Or there is too much
Equally, the substrate shouldn’t be dripping wet. Too much water will fill the air spaces in the substrate that the hyphae would otherwise run into. If you squeeze a handful of growing medium, it should be damp enough that a few drops of water come out, but not sloppy.
The substrate is contaminated
The perfect growing medium isn’t just a haven for your mushroom spawn. It’s practically a holiday destination for all kinds of other fungi and bacteria too. If these are introduced at the same time as the spawn, they can out-complete the mycelium in the spawn, and stunt its growth. You probably put a lot of effort into sterilizing your substrate, so don’t forget to sterilize your gloves, work surface, equipment and containers too! If your mycelium is growing slowly, check for green or black spots that indicate contamination.
Conditions are too cold
The mycelium growing stage is called incubation for a reason – it needs warmth! The ambient temperature should be at least 64°F, and ideally about 70°F. The lower it is, the slower your mycelium will grow, and below 64°F it could stop altogether.
…Or too hot
On the other hand, if the substrate goes over 77°F, the mycelium will start to cook. Bear in mind that as the mycelium consumes and decomposes the substrate, heat is released. So the inside temperature of the bag is going to be higher than the outer surfaces. Don’t stand multiple bags closer than a hand’s width apart, to allow adequate airflow between them.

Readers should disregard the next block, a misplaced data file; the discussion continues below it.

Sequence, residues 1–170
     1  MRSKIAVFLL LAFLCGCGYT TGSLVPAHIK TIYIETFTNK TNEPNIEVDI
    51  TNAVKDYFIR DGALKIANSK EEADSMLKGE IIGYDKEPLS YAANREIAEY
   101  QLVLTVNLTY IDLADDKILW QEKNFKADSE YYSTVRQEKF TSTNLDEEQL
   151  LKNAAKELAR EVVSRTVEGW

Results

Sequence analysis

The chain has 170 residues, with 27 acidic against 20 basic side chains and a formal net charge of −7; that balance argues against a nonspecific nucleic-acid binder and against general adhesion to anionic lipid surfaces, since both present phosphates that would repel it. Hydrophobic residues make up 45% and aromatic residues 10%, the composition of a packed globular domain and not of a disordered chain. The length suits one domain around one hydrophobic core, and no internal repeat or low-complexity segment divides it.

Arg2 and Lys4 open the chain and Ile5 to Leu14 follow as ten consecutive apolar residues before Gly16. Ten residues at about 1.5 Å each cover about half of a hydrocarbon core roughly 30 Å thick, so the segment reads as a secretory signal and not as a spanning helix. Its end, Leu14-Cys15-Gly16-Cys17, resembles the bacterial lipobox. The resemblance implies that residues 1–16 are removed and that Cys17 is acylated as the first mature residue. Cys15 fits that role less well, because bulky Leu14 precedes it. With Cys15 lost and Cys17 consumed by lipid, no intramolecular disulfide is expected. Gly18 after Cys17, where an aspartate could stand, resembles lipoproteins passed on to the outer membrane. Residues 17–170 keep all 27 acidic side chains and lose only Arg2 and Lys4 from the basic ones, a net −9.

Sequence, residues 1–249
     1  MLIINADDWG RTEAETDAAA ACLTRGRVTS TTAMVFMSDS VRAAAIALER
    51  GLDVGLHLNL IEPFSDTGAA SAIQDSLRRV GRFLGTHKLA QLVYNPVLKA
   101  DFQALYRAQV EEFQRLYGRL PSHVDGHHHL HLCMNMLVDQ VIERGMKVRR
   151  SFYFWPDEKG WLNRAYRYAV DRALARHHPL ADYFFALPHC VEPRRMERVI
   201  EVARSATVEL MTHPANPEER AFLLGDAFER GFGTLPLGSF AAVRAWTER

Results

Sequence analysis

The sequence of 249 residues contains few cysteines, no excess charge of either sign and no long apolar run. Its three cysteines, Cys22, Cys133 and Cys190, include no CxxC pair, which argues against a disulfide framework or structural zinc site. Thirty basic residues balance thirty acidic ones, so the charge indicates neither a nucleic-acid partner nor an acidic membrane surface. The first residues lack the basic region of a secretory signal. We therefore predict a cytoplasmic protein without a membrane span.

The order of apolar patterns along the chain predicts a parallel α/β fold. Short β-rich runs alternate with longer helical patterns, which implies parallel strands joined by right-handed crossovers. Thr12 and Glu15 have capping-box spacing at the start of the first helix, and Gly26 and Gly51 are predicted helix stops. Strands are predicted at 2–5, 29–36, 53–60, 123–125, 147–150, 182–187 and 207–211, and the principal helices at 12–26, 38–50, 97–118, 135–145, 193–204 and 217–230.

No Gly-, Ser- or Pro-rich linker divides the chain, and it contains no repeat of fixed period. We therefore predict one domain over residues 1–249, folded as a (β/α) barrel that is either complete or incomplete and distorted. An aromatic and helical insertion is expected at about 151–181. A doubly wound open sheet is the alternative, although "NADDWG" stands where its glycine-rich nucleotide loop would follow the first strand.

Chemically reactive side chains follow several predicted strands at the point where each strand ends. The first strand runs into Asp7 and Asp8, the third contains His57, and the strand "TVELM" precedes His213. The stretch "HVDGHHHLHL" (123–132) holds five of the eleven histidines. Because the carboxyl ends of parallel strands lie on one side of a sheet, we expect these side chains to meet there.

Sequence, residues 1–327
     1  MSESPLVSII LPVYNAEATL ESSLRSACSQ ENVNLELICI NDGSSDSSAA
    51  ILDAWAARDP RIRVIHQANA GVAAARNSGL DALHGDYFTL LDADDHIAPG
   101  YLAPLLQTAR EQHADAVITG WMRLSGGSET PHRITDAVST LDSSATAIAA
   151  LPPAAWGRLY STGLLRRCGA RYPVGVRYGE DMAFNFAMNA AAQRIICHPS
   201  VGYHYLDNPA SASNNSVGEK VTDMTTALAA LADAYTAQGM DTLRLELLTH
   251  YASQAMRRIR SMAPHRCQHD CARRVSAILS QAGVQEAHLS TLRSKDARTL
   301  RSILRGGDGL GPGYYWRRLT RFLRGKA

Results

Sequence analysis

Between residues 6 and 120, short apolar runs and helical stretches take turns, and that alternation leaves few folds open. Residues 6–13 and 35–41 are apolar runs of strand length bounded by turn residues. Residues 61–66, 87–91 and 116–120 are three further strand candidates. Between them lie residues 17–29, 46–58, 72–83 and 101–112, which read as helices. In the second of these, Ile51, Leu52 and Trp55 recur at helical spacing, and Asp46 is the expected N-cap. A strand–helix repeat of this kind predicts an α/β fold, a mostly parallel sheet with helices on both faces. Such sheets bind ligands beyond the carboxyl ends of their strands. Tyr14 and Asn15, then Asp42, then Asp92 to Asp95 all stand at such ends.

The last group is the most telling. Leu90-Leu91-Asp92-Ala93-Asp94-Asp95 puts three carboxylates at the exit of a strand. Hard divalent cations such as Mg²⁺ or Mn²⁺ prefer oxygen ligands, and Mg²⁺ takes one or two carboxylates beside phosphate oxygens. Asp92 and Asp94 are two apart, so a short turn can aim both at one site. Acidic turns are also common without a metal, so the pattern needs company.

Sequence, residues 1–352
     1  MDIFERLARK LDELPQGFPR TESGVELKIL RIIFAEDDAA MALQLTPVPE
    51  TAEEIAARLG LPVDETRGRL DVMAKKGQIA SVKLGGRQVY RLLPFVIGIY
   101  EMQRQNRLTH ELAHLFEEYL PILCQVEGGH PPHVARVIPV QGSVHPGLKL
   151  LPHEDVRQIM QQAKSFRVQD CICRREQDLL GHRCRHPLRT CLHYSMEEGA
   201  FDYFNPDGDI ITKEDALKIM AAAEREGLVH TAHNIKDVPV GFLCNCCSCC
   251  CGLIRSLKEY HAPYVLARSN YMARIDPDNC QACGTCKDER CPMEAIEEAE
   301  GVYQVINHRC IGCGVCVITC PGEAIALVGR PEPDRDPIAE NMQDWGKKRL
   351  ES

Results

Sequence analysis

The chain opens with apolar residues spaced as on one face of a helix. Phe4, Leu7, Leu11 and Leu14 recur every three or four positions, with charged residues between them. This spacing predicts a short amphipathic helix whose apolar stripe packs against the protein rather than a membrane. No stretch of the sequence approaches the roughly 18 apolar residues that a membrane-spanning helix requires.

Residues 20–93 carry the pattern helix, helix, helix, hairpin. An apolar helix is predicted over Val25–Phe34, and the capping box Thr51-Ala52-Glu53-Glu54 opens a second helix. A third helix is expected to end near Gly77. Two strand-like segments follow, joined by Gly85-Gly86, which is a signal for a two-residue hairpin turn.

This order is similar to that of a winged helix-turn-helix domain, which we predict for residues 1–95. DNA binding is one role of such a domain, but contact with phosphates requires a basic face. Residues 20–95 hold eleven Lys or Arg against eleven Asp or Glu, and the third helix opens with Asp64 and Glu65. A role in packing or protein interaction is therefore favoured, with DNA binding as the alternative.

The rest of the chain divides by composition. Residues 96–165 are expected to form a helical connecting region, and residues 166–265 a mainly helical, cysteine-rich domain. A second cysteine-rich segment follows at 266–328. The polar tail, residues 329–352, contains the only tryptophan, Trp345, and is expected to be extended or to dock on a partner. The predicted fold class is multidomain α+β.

The substrate has been disturbed
The best thing you can do after adding mushroom spawn to your growing medium is pop the bag somewhere consistently about 70°F, and leave it completely alone for at least 10 days. If you keep agitating the bag looking for signs of life, you will disrupt the delicate network of hyphae forming, and set back mycelial growth.
Could lack of gas exchange be responsible?
As mycelium spreads through its bag (or jar, or whatever vessel you’re using), it releases carbon dioxide as a waste product of digesting the substrate. Potentially, in a sealed container the build up of carbon dioxide could suffocate the growing mycelium, and cause its growth to slow right down. You may have already seen fungiculture enthusiasts online discussing the relative importance of allowing gas exchange – and noticed that there isn’t a lot of consensus about! Here’s what you need to know: